How to Grow and Care for a Forsythia Bush

Learn how to pick the best forsythia bush for your region, when the bright yellow flowers bloom, and why your forsythia is not blooming.

Forsythia Bush Growing Tips

Yellow forsythia cmannphoto/Getty Images
A forsythia bush produces sunny yellow flowers in early spring.
  • Common name: Forsythia
  • Scientific name: Forsythia spp.
  • Zones: 4 to 8
  • Light needs: Full sun
  • Size: 8 to 10 feet high; dwarf varieties are available
  • Grown for: Sunny yellow flowers
  • Foliage: Dark green leaves

When a forsythia bush (Forsythia spp.) blooms, it’s a sure sign that warmer weather is on the way. Forsythia is one of the earliest bushes to bloom in spring, making its bell-shaped golden flowers a welcome sight.

Forsythia is a fast-growing, large shrub that thrives in Zones 4 to 8. (Here’s how to find your plant zone). It will grow to be 8 to 10 feet high, though there are dwarf varieties available and it can be pruned for size. Give this plant a try as a hedge that’ll put on a spectacular show in the spring.

For best results, grow forsythia in well-drained soil with regular moisture and in full sun to part shade.

When Does Forsythia Bloom?

Forsythia can bloom as early as late January or early February in warmer zones. It’ll bloom through late March in colder zones. The sunny yellow blooms last for 10 to 14 days. After the flowers fade, dark green leaves emerge.

Blooms develop in late summer and early fall for the following year, so the shrub should be pruned immediately after flowering in the spring for best results.

Check out the top 10 flowering bushes for your yard.

Forsythia Bird Benefits

Brown thrasher in forsythiaBill Leaman
Brown thrasher in a forsythia bush

Place seed feeders near forsythia and other shrubs so birds can wait their turn for a snack or safely hide from backyard predators.

Check out the top 10 trees and shrubs with berries for birds.

Why Is My Forsythia Bush Not Blooming?

Branches of a blooming Forsythia covered with snow.Christian Ader/Getty Images
Forsythia covered in snow

My forsythia had flowers for the past two years, but only on the bottom of the shrub. What’s wrong with it?” asks Birds & Blooms reader Janet Grosse of Madison, Wisconsin.

Horticultural expert Melinda Myers weighs in: “This is a common problem for those of us growing forsythia in colder climates. Even though the plant tolerates the winter cold, the dormant flower buds that form during the previous summer are often killed.”

Melinda has recommendations for cold-hardy cultivars that’ll thrive in areas with more intense winters: “In the future, select forsythia cultivars, such as Northern Sun, Show Off Starlet, Gold Cluster or Fiesta. They all have hardy flower buds that can withstand colder weather,” she says.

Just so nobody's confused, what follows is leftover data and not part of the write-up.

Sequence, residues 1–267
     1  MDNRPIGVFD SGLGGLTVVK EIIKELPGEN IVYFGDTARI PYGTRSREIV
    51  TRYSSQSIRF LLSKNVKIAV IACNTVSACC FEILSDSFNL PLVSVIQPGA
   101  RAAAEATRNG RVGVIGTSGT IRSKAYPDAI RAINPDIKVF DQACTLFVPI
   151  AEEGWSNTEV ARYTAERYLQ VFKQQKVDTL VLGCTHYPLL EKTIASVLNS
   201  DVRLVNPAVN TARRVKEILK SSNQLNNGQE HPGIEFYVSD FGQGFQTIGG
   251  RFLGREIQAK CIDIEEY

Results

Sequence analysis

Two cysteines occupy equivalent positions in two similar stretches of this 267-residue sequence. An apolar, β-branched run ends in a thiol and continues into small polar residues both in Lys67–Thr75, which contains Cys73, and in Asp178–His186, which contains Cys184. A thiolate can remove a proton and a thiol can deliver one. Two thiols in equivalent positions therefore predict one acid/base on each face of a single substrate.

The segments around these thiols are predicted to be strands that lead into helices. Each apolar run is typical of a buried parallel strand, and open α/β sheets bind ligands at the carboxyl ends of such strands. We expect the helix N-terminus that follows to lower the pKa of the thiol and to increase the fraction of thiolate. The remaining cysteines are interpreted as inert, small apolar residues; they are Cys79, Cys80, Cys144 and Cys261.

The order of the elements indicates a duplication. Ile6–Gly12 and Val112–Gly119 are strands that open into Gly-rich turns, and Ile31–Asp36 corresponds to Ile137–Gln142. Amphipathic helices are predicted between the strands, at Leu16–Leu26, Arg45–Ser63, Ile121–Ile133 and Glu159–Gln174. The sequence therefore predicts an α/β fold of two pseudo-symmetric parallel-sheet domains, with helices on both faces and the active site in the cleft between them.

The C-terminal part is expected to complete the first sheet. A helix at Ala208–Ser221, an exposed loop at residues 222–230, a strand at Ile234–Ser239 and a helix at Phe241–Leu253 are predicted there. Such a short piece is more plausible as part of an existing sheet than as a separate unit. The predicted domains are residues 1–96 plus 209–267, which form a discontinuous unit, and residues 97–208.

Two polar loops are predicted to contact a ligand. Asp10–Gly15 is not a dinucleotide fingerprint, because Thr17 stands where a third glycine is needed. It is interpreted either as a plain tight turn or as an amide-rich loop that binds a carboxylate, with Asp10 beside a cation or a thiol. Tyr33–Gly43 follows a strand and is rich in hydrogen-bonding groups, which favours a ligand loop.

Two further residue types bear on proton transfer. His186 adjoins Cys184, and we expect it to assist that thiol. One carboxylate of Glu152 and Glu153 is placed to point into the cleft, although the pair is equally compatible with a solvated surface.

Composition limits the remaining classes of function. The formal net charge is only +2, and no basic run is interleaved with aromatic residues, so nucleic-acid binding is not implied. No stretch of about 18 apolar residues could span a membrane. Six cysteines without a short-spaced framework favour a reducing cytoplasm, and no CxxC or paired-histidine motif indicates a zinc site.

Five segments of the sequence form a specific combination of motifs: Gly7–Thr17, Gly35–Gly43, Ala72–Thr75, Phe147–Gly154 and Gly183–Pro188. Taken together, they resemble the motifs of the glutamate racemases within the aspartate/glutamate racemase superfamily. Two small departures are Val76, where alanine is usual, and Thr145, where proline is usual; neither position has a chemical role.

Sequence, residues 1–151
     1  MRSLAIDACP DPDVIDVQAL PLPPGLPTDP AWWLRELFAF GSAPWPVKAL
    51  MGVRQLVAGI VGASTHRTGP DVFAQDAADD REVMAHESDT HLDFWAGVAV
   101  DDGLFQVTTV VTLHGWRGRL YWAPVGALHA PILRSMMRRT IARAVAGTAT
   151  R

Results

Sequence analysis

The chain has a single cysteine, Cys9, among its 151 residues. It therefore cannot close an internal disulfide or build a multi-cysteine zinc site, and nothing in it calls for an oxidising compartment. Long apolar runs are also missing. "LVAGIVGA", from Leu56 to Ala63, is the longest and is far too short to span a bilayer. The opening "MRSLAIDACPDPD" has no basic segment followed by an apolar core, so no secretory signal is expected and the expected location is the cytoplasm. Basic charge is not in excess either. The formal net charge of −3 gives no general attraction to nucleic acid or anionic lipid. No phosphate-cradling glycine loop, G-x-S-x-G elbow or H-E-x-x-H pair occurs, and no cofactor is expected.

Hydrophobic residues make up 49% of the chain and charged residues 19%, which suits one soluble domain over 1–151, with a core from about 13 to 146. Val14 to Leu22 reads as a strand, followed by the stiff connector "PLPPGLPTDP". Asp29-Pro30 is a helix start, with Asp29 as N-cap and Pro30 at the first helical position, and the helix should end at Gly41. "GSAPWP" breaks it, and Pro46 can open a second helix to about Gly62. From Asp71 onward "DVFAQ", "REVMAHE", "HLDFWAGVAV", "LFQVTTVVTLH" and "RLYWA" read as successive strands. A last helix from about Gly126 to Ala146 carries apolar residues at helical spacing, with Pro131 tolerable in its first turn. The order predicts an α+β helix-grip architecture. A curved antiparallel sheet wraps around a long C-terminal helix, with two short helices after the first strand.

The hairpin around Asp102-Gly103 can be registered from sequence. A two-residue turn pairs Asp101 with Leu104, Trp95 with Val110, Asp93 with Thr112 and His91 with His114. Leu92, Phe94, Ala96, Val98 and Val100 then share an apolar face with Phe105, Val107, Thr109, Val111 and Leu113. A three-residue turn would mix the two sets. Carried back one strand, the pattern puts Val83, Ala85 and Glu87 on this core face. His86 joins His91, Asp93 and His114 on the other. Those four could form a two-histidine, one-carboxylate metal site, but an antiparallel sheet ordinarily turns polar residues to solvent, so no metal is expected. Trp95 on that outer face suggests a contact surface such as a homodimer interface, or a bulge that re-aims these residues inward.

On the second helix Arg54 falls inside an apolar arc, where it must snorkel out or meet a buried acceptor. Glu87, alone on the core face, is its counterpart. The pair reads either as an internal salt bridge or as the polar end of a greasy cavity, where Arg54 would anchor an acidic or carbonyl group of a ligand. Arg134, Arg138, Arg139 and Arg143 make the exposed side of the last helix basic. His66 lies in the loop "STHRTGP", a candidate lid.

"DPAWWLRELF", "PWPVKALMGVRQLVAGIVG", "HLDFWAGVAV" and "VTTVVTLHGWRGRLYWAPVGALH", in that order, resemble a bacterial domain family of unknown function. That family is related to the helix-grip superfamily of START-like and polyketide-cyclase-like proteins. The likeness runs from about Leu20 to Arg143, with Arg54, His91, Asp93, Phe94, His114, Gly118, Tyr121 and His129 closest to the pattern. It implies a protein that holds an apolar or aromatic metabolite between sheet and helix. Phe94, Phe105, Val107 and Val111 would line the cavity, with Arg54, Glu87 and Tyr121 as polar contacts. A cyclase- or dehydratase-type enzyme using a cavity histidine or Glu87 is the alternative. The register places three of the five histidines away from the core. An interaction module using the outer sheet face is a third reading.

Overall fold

You can try other cultivars to fit your needs, too. Northern Gold is an upright grower and Meadowlark is fast-growing with an arching form. For a cultivar that’ll thrive in warmer climates, opt for Spring Glory.

Forsythia Bush Facts

Pwshow Off Forsythia 2www.provenwinners.com
Forsythia ‘Show Off’
  • Originally called Syringa suspensa, the first identified forsythia species was renamed after Scottish botanist William Forsyth in 1804.
  • Ready to make a statement? Meadowlark forsythia can reach up to 10 feet high if unpruned.
  • All varieties of forsythia share the same characteristic four petals.
  • Forsythia flower buds begin to drop if temperatures hit minus 5 degrees. Look for “flower-bud hardy” types for the most reliable flowering in colder areas.
  • There are about 11 species in the Forsythia genus, which falls under the olive family, or Oleaceae. They all hail from Asia except for one from Europe.
  • Like lilacs and crabapples, forsythia branches will flower early in a vase indoors—for an average of two weeks—if cut while budding.

Additional reporting by Erica Browne Grivas

Reviewed by horticultural expert Melinda Myers

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Sources

Jill Staake
Jill Staake's lifelong love of nature turned into a career during the years she spent working with native Florida butterflies, caterpillars, and other wildlife at the Museum of Science & Industry in Tampa, Florida. During this time, she helped to maintain 30+ acres of gardens and backwoods, all carefully cultivated to support the more than 20 species of butterflies displayed indoors and out. She now writes for a variety of publications and sites on topics like gardening, birding, and education, among others.